09/23/2013 01:43 pm ET Updated Nov 20, 2013

Information > Fantasy

I enjoy the trivial pursuit of fodder for morning water cooler discussions as much as the next person. My main interests are music, politics and sports.

I hit the jackpot when Drew Brees and Aaron Rodgers fell into my lap during my recent fantasy football draft. I've got two of the best quarterbacks in the game on my team, Beast Mode Posse, in our Sachs Media Group league.

There's something about fantasy football that enhances game days. I spend many a Sunday glued to the computer screen watching stats come in from every game. Nearly every play in every contest can make or break my week.

Yes, I'm a fantasy football addict. While many people like me love it, there are others who take it way too seriously.

Ray Rice is a star running back for the Baltimore Ravens. He suffered a serious injury during the second week of this year's NFL season. Some fantasy owners lashed out at the Super Bowl champ because his early game injury ruined their point totals for the week.

As seriously as people take fantasy football, maybe we could end gridlock in Washington by creating "fantasy politics" where Americans form leagues, draft politicians and get points for bills passed and progress made? Seeing how people hold NFL players accountable for performance on the field, maybe people would be glued to the action on Capitol Hill with "fantasy politics."

This brings me to a real "eat your veggies before having dessert" question: As good members of society, shouldn't we be more engaged in things that really matter?

It's no surprise people get lost in fantasies of all kinds.

Every minute an array of interruptive information stressors open up on us like the famous fire hoses Bull Connor turned on children seeking civil rights in the 1960s.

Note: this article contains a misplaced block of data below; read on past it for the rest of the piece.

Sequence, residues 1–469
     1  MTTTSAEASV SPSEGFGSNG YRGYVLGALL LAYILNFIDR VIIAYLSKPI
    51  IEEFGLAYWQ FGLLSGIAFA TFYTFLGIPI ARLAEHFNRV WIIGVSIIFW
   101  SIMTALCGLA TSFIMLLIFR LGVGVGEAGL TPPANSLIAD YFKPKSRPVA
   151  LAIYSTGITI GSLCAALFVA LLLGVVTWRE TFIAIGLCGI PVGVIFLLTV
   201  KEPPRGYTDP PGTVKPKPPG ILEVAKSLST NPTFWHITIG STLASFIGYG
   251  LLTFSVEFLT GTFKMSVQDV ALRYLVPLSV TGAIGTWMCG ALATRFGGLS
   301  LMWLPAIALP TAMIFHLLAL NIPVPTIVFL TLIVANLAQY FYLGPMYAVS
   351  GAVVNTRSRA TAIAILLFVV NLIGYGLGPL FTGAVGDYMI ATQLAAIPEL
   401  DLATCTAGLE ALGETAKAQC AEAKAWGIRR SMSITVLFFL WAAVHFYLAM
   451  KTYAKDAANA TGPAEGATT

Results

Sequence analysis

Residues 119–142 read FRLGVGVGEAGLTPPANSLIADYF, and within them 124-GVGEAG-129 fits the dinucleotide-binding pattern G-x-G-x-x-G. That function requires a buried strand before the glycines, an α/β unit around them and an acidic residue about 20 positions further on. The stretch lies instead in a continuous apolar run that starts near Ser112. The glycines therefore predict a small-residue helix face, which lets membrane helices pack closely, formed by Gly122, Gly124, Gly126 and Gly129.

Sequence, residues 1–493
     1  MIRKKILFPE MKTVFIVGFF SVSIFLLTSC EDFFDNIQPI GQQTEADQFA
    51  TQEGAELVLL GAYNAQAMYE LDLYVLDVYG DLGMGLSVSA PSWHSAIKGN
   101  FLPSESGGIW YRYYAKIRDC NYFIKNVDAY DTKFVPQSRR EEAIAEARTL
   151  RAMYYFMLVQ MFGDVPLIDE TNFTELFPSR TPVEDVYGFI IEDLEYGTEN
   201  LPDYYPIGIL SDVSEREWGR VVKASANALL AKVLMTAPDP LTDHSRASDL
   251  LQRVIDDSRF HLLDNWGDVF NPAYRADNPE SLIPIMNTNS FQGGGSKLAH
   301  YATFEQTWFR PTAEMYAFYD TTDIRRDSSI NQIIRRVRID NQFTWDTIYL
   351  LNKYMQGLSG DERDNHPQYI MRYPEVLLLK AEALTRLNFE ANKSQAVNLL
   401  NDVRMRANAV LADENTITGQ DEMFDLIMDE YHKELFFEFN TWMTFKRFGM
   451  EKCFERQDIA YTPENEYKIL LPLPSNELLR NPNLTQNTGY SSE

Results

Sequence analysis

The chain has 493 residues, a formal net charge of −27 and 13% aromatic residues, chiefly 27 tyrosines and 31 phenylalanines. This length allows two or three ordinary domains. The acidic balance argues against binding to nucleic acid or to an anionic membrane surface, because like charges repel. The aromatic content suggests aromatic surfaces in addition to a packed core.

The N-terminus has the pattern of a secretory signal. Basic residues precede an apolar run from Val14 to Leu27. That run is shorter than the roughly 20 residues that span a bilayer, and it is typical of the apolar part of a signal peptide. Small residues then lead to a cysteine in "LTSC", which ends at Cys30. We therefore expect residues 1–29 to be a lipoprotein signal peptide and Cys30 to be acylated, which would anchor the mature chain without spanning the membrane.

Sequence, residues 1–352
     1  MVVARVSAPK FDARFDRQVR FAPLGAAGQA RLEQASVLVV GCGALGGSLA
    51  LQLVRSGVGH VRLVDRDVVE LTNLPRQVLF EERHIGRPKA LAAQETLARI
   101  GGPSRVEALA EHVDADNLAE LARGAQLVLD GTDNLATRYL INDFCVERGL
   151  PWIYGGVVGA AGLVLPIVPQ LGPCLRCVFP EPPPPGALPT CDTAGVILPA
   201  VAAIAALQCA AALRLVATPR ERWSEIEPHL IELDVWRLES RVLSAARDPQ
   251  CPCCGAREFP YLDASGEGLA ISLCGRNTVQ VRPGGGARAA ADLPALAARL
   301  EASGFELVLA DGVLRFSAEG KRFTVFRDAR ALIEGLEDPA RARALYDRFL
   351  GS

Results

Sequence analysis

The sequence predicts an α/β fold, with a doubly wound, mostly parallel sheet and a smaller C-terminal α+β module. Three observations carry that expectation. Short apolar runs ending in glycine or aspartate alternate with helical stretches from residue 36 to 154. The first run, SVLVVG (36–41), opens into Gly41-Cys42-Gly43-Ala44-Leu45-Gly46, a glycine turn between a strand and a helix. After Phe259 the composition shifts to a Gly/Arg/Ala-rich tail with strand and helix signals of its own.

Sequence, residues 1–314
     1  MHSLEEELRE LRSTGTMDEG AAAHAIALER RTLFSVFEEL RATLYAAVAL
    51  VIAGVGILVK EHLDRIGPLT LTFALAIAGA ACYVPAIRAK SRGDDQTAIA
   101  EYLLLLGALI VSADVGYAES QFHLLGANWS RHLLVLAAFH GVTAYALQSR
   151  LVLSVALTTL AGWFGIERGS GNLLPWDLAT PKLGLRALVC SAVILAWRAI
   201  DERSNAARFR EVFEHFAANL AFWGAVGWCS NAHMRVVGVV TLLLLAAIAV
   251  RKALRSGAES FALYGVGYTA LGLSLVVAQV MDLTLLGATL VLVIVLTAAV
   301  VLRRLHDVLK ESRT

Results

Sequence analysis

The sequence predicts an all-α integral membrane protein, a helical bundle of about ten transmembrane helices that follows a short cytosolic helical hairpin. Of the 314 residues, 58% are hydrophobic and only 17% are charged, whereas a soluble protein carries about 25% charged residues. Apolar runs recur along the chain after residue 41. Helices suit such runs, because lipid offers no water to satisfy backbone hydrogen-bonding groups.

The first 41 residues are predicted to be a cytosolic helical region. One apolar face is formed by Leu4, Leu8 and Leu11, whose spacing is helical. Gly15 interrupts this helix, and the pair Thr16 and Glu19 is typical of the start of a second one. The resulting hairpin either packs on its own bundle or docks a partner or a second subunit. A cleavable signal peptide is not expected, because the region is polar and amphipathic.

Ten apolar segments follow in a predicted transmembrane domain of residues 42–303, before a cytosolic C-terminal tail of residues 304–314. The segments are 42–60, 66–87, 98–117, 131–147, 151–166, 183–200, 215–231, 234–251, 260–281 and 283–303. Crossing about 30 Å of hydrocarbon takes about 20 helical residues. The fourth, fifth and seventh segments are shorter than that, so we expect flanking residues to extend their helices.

People must push through a strong electronic stream that drenches them in cable news political food fights; "entertainment" reports on the latest starlet who's coming apart at the seams; an audio alert to check an afterhours e-mail that demands a response but really could wait until the morning; and the facelift wearing red-carpet B-movie star bleating who "Oscar" loves this year.

We are a nation that is increasingly focused on the latest shiny object. We are so easily distracted that I wonder if President Nixon would have survived Watergate if today's multifaceted media environment had existed in the 1970s.

What should we do? We could just keep eating the dessert that is infotainment and ignore the gory details of life in the modern world. We could make like Mr. Anderson/Neo and unplug from the info-matrix. Or we could pack up canned goods, exile ourselves to the woods and live in a camper van for the rest of our time.

These are not the right choices to make. Not today.

It is critical that we get engaged, educated and excited about our world.

Information is the ticket.

The old saying about information being power is still true. And there is gold in information.

Although often the events truly make the movie Idiocracy look like a documentary instead of fiction, we are blessed to live during a time where a motivated person can discover important information that can shape our future for the better.

I heard a fascinating report on NPR's Weekend Edition about the book 1,227 Quite Interesting Facts to Blow Your Socks Off by John Lloyd, John Mitchinson and James Harkin. One fact stood out for me: There is more information in one edition of The New York Times than the average person in 17th-century England would have come across in an entire lifetime.

This is a golden media age where people can access information, use it to shape their opinion and rapidly share the information and their views through social media outlets.

This is an exciting time. Anyone can be a broadcaster today and there's a lot of power at our fingertips. It can be used to promote the trivial or to spread truth. However we use information, let's resolve to use it boldly and responsibly to do good things.

Be smart and live the dream.